Using comfrey in pregnancy
Warnings about use in pregnancy, breast-feeding and children found on medicinal/drug advice websites will always caution against use in these conditions without the advice of a doctor unless specific clinical trials have been done on children or pregnant women – which they rarely are! So this is a default warning. To be quite honest very few doctors would even know the answer as without specific genotox/clinical trials this information does not exist. To be on the safe side, pregnant or breastfeeding women should not eat or drink comfrey. Externally, the tiny amount used in a cosmetic cream would be negligible. If you are pregnant or planning to conceive, and wish to use herbal medicines, please err on the side of caution and seek the advice of a qualified medical herbalist.
Why I eat comfrey
There are many issues with the way that research is reported on the internet and many people scare themselves by reading badly referenced and poorly interpreted reports. I eat comfrey personally because I cannot find a single published case history of a healthy human actually experiencing (as opposed to theoretically being at risk from) liver damage from eating identified common comfrey. Nor do I intend to ever consume 20,000 leaves nor drink a cup a day for 18 years.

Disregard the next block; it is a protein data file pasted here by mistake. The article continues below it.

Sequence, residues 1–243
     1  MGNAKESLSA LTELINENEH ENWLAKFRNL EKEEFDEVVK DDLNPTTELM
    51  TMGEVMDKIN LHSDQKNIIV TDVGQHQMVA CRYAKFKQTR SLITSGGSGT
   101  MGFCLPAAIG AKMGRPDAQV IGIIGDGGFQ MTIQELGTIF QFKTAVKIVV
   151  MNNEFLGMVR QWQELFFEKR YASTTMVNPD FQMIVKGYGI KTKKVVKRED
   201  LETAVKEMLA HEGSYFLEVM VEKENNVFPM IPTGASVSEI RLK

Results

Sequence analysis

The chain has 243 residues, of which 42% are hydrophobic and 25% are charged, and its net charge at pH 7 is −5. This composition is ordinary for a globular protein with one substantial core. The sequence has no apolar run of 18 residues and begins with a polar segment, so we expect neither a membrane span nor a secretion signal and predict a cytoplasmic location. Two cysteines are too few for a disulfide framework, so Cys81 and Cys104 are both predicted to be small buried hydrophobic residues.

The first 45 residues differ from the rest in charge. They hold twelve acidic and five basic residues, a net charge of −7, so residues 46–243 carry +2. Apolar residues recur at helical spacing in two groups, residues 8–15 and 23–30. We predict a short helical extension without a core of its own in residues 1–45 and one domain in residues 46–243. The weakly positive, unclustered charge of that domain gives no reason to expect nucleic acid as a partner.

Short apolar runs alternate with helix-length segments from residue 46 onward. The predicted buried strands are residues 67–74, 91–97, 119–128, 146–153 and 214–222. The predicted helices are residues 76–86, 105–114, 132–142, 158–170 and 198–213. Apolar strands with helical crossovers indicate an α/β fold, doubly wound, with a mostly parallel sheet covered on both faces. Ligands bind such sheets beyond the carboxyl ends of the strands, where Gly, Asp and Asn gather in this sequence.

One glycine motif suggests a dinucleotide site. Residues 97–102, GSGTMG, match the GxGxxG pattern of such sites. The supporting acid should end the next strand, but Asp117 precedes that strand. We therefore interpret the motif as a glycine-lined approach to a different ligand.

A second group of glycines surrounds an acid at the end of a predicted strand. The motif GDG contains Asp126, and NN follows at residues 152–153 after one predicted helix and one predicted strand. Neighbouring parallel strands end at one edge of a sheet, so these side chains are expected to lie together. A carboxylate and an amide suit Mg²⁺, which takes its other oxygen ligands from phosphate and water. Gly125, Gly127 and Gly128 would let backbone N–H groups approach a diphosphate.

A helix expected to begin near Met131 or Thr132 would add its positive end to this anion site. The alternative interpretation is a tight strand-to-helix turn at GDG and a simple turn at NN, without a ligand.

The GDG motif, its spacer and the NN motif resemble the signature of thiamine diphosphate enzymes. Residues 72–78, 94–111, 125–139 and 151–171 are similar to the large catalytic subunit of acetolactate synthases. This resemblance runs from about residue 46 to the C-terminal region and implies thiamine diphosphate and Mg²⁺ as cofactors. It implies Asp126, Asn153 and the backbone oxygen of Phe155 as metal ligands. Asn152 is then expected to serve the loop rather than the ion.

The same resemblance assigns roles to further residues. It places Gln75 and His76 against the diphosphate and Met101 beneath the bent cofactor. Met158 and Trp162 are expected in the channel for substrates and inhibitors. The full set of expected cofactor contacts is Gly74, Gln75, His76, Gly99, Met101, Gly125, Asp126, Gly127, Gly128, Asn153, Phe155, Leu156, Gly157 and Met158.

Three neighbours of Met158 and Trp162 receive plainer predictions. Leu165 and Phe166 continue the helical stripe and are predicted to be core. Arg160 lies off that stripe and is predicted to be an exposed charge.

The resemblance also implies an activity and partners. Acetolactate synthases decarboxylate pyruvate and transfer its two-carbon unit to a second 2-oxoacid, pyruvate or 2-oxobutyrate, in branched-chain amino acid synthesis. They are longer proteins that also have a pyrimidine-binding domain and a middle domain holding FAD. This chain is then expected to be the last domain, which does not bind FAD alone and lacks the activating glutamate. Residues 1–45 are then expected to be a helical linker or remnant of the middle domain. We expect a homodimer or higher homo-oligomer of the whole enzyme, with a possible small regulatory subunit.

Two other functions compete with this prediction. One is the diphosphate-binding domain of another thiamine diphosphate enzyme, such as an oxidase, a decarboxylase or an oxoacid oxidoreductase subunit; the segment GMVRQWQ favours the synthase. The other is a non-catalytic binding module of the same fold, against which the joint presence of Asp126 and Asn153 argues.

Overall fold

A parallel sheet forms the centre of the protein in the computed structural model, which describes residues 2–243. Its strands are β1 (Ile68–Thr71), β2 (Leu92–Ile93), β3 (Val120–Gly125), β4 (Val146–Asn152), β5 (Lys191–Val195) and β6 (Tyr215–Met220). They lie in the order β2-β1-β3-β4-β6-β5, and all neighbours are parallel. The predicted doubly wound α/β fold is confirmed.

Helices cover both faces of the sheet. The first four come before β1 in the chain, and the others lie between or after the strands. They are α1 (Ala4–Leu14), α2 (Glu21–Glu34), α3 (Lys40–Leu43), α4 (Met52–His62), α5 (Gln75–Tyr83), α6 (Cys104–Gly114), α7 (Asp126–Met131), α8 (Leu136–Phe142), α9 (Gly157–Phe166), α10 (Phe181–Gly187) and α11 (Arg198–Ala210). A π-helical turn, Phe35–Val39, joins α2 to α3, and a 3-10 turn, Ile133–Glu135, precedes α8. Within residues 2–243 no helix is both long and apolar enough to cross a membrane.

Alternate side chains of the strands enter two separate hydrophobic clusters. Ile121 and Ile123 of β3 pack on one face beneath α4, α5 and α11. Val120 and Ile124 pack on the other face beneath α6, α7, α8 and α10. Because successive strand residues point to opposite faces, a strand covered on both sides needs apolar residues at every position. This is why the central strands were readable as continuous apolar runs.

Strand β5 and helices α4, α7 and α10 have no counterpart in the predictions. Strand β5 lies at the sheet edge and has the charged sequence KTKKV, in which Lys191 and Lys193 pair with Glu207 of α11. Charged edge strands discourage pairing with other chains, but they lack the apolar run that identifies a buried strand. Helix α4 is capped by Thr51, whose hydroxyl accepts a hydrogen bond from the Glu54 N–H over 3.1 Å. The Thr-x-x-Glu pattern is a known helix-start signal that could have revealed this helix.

I also have a huge amount of cream-flowered tuberous comfrey growing here in Scotland (less than 0.02% PAs). So this is mainly the species I eat, in season.
I’m not saying that comfrey is totally safe or denying the presence of PAs. That would be to discredit science and just be ignorant! However, it is all a question of perspective. I believe that I will be doing less harm to my body by occasionally eating or using comfrey than I would from, for example, drinking caffeinated drinks daily, eating processed foods full of chemicals, eating non-organic food sprayed with pesticides, breathing in fragrance chemicals from electric “air fresheners”, traffic fumes, pharmaceutical drug side-effects… the list goes on.